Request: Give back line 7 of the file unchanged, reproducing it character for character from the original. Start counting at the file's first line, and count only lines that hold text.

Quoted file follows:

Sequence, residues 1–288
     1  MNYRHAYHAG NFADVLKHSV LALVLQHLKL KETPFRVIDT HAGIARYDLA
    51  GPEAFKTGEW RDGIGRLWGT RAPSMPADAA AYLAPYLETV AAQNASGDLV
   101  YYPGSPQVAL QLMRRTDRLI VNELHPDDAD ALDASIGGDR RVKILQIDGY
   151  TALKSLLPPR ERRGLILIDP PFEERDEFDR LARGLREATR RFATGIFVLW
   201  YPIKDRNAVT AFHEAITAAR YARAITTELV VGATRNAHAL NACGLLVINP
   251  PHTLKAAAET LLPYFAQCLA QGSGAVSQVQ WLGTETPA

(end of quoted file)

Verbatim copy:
   251  PHTLKAAAET LLPYFAQCLA QGSGAVSQVQ WLGTETPA